Articles: What in the world is Xanthan Gum?

Many people mistakenly assume when I mention my food allergy that I’m referring to gluten. Unfortunately, corn is even more prevalent in allergen- friendly foods because it’s not considered one of the “Top 8.”

Similar to cellulose, Xanthan Gum is a sugary residue named for the species of bacteria that secretes fermented corn/ soy/ wheat (major allergens). It’s the very same bacteria responsible for black rot that forms on broccoli, cauliflower and other leafy vegetables. So proceed with caution if you’re sensitive to mold.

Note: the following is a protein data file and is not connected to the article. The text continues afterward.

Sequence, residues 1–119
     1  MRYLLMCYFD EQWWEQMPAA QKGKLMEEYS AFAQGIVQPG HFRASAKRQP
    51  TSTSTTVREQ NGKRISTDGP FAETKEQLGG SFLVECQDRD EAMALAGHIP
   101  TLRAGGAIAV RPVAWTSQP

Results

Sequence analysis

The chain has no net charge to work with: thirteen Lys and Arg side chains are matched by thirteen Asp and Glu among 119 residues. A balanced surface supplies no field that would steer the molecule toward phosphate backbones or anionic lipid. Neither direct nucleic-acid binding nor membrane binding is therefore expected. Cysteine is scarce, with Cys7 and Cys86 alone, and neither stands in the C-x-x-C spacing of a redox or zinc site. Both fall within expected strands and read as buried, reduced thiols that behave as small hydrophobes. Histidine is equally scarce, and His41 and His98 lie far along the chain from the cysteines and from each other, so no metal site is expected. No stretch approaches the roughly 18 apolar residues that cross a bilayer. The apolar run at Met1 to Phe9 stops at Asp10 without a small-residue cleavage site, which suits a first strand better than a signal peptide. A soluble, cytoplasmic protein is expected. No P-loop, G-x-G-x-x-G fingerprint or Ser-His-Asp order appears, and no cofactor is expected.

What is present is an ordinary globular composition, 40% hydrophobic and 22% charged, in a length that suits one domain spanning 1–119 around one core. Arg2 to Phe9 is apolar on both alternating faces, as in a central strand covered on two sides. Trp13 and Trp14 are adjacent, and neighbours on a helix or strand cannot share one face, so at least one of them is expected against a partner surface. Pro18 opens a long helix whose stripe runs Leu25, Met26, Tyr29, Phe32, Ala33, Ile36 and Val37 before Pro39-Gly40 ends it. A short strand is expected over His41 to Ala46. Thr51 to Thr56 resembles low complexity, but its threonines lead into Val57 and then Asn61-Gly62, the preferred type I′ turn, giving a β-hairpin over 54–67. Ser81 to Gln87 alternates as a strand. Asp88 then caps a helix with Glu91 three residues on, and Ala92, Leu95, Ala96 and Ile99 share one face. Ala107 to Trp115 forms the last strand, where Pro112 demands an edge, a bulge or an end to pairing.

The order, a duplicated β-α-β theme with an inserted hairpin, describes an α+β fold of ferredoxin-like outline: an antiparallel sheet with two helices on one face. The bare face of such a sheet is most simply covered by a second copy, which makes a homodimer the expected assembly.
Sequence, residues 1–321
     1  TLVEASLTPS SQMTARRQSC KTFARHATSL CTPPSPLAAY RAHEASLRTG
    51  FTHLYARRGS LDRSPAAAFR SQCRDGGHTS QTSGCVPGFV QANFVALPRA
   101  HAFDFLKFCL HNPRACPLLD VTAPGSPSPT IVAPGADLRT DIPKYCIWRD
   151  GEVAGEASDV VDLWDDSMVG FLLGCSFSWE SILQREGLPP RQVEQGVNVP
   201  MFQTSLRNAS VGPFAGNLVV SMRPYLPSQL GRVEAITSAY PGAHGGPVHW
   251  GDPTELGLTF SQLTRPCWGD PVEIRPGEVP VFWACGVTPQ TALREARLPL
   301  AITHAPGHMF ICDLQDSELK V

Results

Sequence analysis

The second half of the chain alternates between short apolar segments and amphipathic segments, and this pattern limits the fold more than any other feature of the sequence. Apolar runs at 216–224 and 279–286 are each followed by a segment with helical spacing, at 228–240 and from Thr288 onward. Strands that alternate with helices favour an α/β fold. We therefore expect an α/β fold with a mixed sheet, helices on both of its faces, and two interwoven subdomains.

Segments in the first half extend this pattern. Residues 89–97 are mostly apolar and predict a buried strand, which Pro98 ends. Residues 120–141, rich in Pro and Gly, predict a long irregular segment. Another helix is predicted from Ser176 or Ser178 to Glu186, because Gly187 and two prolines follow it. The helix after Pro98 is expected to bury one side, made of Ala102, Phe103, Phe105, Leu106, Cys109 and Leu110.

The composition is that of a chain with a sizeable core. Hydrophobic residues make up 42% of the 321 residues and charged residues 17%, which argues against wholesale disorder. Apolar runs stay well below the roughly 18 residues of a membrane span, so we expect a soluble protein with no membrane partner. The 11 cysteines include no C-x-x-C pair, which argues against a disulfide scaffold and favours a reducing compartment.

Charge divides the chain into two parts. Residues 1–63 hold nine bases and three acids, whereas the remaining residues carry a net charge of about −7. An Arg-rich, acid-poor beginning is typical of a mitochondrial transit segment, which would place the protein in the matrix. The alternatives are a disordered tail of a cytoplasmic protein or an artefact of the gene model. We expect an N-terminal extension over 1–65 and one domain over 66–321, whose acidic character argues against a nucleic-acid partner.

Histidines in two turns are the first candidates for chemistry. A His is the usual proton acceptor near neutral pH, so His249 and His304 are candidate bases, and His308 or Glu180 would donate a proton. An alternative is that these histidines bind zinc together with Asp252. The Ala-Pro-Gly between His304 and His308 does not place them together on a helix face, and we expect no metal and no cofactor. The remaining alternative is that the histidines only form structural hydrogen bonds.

Next, Isopropyl Alcohol is added. Then the dried residue is scraped off. (Incidentally, one particular strain of X. campestris will grow on lactose, which aids the production of whey, which is a biproduct of cheese).

Xanthan gum is mostly used as a thickening agent and/or ingredient binder in gluten free cooking but it also has uses in cosmetics and oil drilling.

Bob’s Red Mill brand answers, “What is Xanthan gum?”

Dr. Axe answers, “Is Xanthan gum healthy?”

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